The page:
Looking back to 2018, forward to 2019

The very best part of falling headlong into family history research is the stories.

Stories in The Legal Genealogist’s family take us back a long way in America on the maternal side and in Germany on the paternal side.

Stories that begin, in this country, in the late 1600s. Stories in Germany that we can take all the way back to the late 1500s.

Some of them, astoundingly, given my family’s tendency never to let the truth get in the way of a good story, that may even possibly be true.

milestones

And some of the possibly-true ones — that is, the ones that I’ve managed to document with something other than a marginal note that one of the family storytellers told me so — had very big milestones in 2018 or will have big milestones here in 2019.

These “big milestones” are events that were exactly 50 or 100 or 150 or 200 years ago — or more! — during the year.

And they’re the kinds of milestones that we shouldn’t allow to pass without pausing to reflect.

Looking back

In 2018, for example, in the 250-year milestone category, we had the birth of a fourth great grandfather in Germany. Johann Jürgen Nuckel was reportedly 47 years old when he served as the informant for the death of his mother, Elisabeth (Behnhauer) Nuckel, in Bremen in 1815.1 I wish I knew more about this man, but other than the names of his wife and children and his death in 1823, there’s not a lot to go on.

In the 200-year milestone category, there was the death of Elizabeth Pettypool Jones, my fifth great grandmother, in Rutherford County, North Carolina. Daughter of John Pettypool and Sarah Sanford,2 she died on 2 Sep 1818 at Rutherford (now Cleveland) County, and was buried at Sandy Run Baptist Cemetery.3

And in the 100-year milestone category, nothing beats the marriage of my German grandparents. Hugo Ernst Geissler and Marie Margarethe Nuckel were married 14 February 1918 at St. Jakobi Church in Bremen, Germany,4 after a civil ceremony at the City Registrar’s Office.5 Their decision to emigrate to the United States — bringing my then three-year-old father along6 — changed the course of my personal history in a big way.

Looking forward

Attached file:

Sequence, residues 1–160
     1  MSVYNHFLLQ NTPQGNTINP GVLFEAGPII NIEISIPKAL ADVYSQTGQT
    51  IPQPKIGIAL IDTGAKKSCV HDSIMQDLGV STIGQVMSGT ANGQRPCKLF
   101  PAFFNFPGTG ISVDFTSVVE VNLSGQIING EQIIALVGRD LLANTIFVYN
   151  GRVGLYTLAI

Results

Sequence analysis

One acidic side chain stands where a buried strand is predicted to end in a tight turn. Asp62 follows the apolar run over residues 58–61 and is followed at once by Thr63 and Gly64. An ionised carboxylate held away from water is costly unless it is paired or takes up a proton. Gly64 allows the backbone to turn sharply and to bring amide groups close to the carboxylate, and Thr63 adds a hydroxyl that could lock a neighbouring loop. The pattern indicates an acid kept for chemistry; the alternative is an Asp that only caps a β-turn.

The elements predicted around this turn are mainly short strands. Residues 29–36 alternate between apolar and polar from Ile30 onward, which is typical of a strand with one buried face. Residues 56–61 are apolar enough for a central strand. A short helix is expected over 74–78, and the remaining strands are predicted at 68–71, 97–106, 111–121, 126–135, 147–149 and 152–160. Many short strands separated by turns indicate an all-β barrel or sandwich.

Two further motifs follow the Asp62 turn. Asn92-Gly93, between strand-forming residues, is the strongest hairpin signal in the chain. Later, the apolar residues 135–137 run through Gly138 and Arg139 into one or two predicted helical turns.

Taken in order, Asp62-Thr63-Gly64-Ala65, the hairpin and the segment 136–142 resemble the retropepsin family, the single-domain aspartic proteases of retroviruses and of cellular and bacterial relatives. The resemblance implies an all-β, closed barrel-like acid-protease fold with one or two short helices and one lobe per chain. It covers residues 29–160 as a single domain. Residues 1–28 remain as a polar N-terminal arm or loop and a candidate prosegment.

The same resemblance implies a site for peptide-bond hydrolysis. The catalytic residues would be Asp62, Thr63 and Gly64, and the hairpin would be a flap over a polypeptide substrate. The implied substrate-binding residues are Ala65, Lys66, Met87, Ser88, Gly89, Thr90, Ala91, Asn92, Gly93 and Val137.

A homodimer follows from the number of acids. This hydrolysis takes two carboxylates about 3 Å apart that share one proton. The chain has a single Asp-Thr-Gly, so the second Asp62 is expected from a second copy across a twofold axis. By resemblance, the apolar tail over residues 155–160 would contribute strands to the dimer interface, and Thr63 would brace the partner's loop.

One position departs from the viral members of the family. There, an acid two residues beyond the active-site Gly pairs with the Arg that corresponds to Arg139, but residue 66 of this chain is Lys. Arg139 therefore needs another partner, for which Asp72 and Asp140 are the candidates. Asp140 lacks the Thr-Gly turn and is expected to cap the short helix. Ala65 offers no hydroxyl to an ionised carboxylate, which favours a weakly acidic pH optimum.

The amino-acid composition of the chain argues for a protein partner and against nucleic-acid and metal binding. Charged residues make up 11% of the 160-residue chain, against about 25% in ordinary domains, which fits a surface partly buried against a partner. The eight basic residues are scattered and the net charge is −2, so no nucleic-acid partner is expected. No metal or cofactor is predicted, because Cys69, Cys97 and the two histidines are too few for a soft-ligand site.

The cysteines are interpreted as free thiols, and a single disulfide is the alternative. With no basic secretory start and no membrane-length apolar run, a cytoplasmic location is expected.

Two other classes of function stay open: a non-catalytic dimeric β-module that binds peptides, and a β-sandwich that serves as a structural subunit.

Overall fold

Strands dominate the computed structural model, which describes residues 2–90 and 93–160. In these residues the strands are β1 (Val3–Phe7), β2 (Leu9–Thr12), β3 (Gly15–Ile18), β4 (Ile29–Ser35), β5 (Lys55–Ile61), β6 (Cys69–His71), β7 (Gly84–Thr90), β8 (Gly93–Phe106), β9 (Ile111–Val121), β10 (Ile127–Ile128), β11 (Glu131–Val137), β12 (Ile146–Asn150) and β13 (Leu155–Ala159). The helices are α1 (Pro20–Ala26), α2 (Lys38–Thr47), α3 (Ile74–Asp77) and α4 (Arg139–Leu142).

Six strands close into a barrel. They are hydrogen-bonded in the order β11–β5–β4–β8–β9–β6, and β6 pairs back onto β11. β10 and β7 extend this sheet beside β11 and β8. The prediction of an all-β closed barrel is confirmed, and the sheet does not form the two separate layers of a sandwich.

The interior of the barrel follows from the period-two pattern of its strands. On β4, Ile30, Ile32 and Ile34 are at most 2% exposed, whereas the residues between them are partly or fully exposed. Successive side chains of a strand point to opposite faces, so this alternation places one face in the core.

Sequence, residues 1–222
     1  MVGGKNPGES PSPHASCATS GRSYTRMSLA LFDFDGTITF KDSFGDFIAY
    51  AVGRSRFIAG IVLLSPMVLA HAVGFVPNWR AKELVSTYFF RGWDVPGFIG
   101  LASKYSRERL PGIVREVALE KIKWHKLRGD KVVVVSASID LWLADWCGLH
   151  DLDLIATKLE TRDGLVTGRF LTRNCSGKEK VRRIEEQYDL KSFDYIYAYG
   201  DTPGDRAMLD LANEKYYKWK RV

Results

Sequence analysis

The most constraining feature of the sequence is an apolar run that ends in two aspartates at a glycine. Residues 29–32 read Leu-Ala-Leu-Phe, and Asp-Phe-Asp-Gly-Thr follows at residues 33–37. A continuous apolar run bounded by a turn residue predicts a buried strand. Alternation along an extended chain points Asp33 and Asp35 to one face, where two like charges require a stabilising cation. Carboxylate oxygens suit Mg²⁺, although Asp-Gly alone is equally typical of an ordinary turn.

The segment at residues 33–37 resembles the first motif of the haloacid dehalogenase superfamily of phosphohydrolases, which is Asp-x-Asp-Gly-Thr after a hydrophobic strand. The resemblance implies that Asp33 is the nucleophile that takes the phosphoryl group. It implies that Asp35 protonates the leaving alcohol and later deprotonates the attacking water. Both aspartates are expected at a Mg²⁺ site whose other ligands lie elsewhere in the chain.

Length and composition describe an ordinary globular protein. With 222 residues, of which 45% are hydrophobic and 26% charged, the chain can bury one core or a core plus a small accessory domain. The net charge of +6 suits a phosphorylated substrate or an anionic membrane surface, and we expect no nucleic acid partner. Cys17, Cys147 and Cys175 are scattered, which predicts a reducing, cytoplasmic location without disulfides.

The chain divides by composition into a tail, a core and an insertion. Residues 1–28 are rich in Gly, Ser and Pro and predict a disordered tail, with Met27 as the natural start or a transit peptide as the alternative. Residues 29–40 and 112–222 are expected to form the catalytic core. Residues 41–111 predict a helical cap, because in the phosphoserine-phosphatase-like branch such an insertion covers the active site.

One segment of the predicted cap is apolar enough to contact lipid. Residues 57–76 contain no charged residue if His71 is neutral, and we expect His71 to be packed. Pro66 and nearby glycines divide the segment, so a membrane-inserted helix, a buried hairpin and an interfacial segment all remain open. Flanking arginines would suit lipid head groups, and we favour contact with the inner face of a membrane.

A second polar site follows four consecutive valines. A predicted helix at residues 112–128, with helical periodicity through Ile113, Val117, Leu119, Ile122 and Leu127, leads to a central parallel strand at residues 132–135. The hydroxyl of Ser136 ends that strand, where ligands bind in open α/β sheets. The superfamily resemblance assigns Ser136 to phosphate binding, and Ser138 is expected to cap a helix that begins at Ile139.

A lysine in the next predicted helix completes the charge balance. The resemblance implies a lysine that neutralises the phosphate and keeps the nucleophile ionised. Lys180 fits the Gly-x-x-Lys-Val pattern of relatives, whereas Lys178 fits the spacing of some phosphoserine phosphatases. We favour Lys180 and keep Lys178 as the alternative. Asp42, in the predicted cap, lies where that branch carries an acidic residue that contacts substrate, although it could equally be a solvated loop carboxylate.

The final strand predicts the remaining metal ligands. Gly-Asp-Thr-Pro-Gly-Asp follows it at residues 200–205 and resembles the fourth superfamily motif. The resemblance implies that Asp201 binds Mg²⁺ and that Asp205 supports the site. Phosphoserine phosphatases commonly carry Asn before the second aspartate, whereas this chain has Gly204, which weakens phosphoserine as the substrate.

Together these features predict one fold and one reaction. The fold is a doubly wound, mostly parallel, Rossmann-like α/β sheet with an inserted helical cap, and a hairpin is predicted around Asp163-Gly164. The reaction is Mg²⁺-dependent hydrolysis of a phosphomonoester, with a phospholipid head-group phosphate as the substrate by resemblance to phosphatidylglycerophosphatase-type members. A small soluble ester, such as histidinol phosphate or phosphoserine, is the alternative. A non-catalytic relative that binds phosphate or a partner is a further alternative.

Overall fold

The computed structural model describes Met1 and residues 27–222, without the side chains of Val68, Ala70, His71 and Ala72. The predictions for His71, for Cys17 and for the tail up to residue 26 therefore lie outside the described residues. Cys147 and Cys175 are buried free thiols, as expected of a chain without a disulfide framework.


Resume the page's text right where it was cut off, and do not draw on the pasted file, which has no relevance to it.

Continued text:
Coming up in 2019, there are a lot of milestones, and for a change — with one rather amazing exception — I’m going to focus entirely on births this year.

In the 250-year milestone category, there’s the birth of a fifth great grandfather, Wilhelm Storch. Well, at least that’s a pretty good approximation. His birthplace was given as Bremen, Germany, and his age at 61 in his death record, recorded in October 1830,7 so 1769 is probably as close as we’re going to come. I descend from him through his daughter Maria Margarethe, who married Carsten Heinrich Sievers in 1817,8 then their son Carsten Hinrich Wilhelm Sievers, who married Metta Huthoff in 1840,9 then their daughter Marie Margarethe Sievers who married Johann Nuckel in 1860,10 then their son Carsten Hinrich Wilhelm Nuckel, who married Juliane Margarethe Smidt in 1884.11 Their daughter Marie Margarethe Nuckel was the bride in that 1918 marriage above as one of the 100-year milestones for 2018.

In the 200-year milestone category, we have the birth of a second great granduncle, David Davenport Baker. He was the first-born child of my third great grandparents Martin and Elizabeth (Buchanan) Baker. Born 29 June 1819, David D., as his name was usually recorded, married his half-first-cousin Mary Baker, daughter of his father’s half-brother Thomas Baker, in 1838, and went on to produce nine known children with her.12

In the 150-year milestone category, there’s the birth of my great grandmother Eula Baird Livingston in Alabama on 24 October 1869.13